Director: Christopher Nolan
Starring: John David Washington, Robert Pattinson, Elizabeth Debicki, Aaron Taylor-Johnson, Kenneth Branagh, Michael Caine
Written by: Christopher Nolan
Running Time: 149 mins
Release date: 26th August 2020
The movie that could save cinema is here. After months in the wilderness from returning to a darkened auditorium, nothing was going to stop me from sitting and having a shared experience with total strangers, watching the new film from the master filmmaker, Christopher Nolan. Was it safe? Was I nervous? Initially, I was, but I need not be. The cinema I was in (The Light Cinema, Cambridge) was COVID-compliant, with whole rows missing, so you were nowhere near anyone. This isn’t a review of the cinema but of this new film from the man who gave us Inception and Dunkirk. Was this the blockbuster we all dreamed? Well, yes and no!
A Protagonist has to try and infiltrate a known Russian arms dealer to stop Armageddon. However, the journey is difficult and takes him into a world that he never expected and couldn’t possibly understand. All he has is a word: Tenet.
Going in with a knowledge of Nolan’s past work will ready yourself for some head-spinning playfulness with time and reality. Like his previous films, Nolan gives us a James Bond-style espionage thriller and turns it completely on its head. To ask what I mean by that is to ask me to explain the theory of relativity. It is nearly impossible. It also wouldn’t be fair if you are to venture back to the cinema, to give away too much.
This is a full-on, 2 hours and 30 min adrenaline-rush with some of the most spectacular action set pieces around. Fights, car chases and an almost all-out war sequence leave you breathless. Nolan knows how to execute an action scene, and here he doesn’t disappoint. Several set pieces are so unique; it’s only as the film progresses that you realise this is more than just another fight sequence.
The cinematography, by Hoyte Van Hoytema, is stunning. Sweeping scenes of lush locations very reminiscent of Bond leaves you breathless. Even the costumes are incredible. This film has the best suits you will ever see. Slick, classy and smooth. With all this in place, and witnessing the movie in IMAX, how could it go wrong? Sadly, I have to inform you that it does fail.
Where the problem lies is in Nolan’s script. I refused to give you great details of the plot, mainly because I didn’t understand it. It is explained several times by various characters, but the film’s fault is the sound. Nolan is a master craftsman who loves film and works with it, this in 70mm and IMAX. The sound, however, is awful. Mumbled dialogue that is sometimes impossible to hear clearly, especially when the characters are wearing masks or talking through radios. The bass on the score, which is also terrific, is so loud and deep, it makes you lose whole parts of the script that are important. The noise of the action scenes are so loud that the seats are shaking, but the words are lost.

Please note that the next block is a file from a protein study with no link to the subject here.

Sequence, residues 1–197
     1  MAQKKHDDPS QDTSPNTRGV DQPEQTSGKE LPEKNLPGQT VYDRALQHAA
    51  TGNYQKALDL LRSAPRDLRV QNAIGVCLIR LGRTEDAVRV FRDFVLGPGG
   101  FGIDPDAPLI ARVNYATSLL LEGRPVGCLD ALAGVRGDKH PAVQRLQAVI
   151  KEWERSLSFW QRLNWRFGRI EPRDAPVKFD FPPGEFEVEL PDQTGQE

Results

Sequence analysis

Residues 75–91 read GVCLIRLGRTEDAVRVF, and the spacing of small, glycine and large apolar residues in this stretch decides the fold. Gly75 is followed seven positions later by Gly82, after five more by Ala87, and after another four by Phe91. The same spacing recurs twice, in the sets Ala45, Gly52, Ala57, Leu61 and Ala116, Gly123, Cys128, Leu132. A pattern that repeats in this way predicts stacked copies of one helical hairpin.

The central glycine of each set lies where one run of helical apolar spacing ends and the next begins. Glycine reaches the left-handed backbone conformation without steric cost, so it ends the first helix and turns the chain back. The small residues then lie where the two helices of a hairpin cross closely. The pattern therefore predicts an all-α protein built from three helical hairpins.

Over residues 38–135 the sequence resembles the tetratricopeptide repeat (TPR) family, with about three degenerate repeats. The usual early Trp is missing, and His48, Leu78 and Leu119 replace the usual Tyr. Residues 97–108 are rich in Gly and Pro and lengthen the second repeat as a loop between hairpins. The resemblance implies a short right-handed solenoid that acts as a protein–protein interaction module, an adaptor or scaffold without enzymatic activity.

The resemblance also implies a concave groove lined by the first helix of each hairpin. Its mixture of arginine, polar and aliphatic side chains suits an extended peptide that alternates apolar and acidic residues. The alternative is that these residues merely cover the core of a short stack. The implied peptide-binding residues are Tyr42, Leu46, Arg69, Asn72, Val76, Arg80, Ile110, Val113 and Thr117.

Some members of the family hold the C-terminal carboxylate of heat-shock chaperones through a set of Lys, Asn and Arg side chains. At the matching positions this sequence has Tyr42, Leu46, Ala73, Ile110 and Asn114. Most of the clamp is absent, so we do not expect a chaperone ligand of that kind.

As the film plays with time or inverting time, it would be nice to follow what that means. You never get the chance. The opening scene, a spectacular hostage situation at a concert hall, introduces the character of the Protagonist, never really understanding who he is or who he is working for or with. Yet nothing is explained, or if it is, you cannot hear the exposition under the bullets and explosions. The title is also an enigma. It is mentioned a few times but never explained. This leads to a lack of empathy for the characters and the situation so what you have is an empty feeling of watching a series of expertly made set pieces and total lack of emotional care for what happens.
The performances are also somewhat flat. John David Washington looks as cool as they come in his fabulous suits and an ability to handle the physical stuff well. Yet, his lines are delivered with a flat, monotone that never once gives the character of the Protagonist depth. The same could be said of Robert Pattinson, although there are moments when you could see the young actor in the role of Bond. Only Elizabeth Debicki as the woman caught in the middle of her criminal husband and the Protagonist gives a more in-depth performance. A woman desperate for her and her son to escape a world of an abusive, powerful husband.
Tenet is a film that welcomes you back into the cinema with open arms and takes you on a mind-bending journey. Yet you cannot help but think that Nolan has gone too far with his obsession with time and manipulating it, that he will leave most of his audience behind. I wanted to love it. I wanted to say it’s a masterpiece and as good as Inception, if not better. It’s not. For all it’s spectacle, it left me cold. However, it’s great to be back in a cinema.